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dc.contributor.authorZriba, Hassen-
dc.identifier.citationKhazar Journal of Humanities and Social Scienceen_US
dc.description.abstractWithin a multicultural society like Britain, cultural identity has become a pivotal concern for the nation’s various ethnic minorities. South Asian minorities, notably, the third generation, have adopted different strategies of integration within the mainstream British society while attempting to preserve their cultural idiosyncrasies. South Asian identities or what can be generally called “Asianness” manifested themselves in different socio-cultural expressions. Music has been one of those media of cultural and identity expressions. This article argues that music can be deemed as a “Third Space of Enunciation” for the new generations of ethnic minorities in general and South Asian ones in particular. Ethnic or “ethnicized” music seemed to proffer new horizons and possibilities of articulations for British ethnic minorities. By analysing some contemporary British South Asian musical outputs, we attempt to show how fusion-based and hybrid music was a strategy to mobilize dominant British musical discourses to fight against racism and celebrate cultural identity within the context of multicultural Britain.en_US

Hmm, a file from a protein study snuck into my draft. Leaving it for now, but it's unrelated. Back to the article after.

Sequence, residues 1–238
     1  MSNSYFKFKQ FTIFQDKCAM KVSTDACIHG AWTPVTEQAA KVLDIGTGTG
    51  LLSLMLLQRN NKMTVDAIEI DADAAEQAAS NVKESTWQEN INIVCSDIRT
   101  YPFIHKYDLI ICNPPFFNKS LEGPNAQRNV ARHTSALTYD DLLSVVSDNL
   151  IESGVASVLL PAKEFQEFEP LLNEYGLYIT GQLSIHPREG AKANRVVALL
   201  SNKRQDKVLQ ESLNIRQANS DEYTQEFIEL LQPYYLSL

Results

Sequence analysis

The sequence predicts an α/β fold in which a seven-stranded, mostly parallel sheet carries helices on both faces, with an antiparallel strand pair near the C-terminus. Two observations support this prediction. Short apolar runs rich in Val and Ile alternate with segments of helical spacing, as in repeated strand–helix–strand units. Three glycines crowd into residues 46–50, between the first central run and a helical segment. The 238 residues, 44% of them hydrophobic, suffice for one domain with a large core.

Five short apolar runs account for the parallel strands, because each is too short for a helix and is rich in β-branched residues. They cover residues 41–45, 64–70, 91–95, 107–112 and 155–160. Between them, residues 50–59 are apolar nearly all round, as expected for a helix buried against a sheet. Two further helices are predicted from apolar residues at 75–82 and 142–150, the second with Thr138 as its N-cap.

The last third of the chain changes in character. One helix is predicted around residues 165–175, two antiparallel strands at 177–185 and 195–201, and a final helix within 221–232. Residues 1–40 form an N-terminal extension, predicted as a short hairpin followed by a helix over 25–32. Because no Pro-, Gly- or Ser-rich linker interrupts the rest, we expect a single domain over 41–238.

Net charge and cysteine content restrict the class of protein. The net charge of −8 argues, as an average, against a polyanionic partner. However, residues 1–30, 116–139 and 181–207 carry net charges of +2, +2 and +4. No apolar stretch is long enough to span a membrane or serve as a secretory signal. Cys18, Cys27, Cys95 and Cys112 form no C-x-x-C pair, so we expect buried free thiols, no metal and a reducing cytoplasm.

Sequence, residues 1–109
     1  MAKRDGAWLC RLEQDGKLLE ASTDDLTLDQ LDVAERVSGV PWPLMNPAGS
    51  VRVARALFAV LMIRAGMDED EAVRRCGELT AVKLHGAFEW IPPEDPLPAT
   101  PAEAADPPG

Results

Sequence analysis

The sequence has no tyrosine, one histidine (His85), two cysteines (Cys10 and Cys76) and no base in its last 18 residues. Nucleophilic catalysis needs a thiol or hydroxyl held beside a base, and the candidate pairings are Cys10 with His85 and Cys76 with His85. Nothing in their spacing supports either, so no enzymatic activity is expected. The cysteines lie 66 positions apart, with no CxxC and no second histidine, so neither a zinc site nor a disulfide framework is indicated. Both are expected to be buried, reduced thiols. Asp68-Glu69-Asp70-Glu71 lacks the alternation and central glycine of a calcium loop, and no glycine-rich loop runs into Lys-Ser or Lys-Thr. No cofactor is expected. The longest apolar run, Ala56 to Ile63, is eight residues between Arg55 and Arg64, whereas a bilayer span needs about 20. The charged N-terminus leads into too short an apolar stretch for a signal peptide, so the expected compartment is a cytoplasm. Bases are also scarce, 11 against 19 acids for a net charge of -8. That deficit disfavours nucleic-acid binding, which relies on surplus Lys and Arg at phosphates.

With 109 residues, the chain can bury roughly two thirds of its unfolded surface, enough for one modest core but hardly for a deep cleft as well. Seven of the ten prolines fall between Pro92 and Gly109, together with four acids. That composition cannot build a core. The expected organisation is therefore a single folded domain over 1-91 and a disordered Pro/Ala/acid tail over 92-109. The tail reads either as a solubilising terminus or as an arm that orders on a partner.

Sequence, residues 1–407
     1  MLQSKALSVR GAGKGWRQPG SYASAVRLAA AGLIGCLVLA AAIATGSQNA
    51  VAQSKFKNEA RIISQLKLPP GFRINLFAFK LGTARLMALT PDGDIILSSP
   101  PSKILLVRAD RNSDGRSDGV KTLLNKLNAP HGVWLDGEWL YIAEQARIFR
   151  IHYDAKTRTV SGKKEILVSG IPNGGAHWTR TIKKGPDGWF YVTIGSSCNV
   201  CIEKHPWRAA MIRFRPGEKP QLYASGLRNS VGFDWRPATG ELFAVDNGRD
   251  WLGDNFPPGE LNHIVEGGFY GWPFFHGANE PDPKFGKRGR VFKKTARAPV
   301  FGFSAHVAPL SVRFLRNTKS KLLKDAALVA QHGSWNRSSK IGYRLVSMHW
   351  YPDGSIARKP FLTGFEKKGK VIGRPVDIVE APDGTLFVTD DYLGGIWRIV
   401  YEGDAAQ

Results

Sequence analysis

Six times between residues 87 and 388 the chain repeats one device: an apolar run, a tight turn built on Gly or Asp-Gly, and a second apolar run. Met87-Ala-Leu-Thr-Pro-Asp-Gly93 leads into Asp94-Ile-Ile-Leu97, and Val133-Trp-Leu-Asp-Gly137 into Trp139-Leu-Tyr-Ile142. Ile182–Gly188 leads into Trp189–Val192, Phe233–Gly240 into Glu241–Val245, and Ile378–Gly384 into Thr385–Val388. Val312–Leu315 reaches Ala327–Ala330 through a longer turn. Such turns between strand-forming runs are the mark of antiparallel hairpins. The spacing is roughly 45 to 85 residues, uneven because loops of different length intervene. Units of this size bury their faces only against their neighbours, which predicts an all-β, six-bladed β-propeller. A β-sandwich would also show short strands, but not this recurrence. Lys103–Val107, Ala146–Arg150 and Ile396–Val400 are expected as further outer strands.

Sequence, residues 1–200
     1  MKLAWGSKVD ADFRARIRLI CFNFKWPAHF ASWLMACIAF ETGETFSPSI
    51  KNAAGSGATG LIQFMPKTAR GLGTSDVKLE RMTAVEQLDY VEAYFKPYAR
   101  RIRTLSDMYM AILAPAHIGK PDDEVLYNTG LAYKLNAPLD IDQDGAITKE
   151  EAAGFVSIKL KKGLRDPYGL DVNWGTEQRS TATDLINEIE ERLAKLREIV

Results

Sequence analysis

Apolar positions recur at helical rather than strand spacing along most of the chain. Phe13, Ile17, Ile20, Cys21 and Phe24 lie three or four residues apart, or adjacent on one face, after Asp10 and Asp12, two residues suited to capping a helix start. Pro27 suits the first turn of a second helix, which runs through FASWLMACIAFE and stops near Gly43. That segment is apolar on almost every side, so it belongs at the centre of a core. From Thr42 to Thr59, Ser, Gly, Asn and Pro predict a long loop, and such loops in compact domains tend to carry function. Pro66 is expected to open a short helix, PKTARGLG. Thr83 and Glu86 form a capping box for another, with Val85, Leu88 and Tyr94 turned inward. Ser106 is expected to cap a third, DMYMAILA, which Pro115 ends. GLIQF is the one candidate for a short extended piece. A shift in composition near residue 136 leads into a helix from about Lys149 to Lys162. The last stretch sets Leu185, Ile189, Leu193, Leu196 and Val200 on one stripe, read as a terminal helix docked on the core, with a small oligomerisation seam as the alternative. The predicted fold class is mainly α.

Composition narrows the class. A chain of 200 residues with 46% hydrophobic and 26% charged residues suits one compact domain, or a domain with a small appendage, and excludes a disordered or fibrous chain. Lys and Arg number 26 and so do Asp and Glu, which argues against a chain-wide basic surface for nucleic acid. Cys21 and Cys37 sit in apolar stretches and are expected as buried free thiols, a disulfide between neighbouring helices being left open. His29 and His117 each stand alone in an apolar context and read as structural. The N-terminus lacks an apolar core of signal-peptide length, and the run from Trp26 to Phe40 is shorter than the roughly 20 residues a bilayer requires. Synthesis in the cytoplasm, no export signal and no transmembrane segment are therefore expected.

dc.publisherKhazar University Pressen_US
dc.relation.ispartofseriesVol. 22;№ 1-
dc.subjectCultural identityen_US
dc.subjectmusical identitiesen_US
dc.title“Musicalized identities”: South Asian musical Third Space of Enunciation in Britainen_US
Appears in Collections:2019, Vol. 22, № 1

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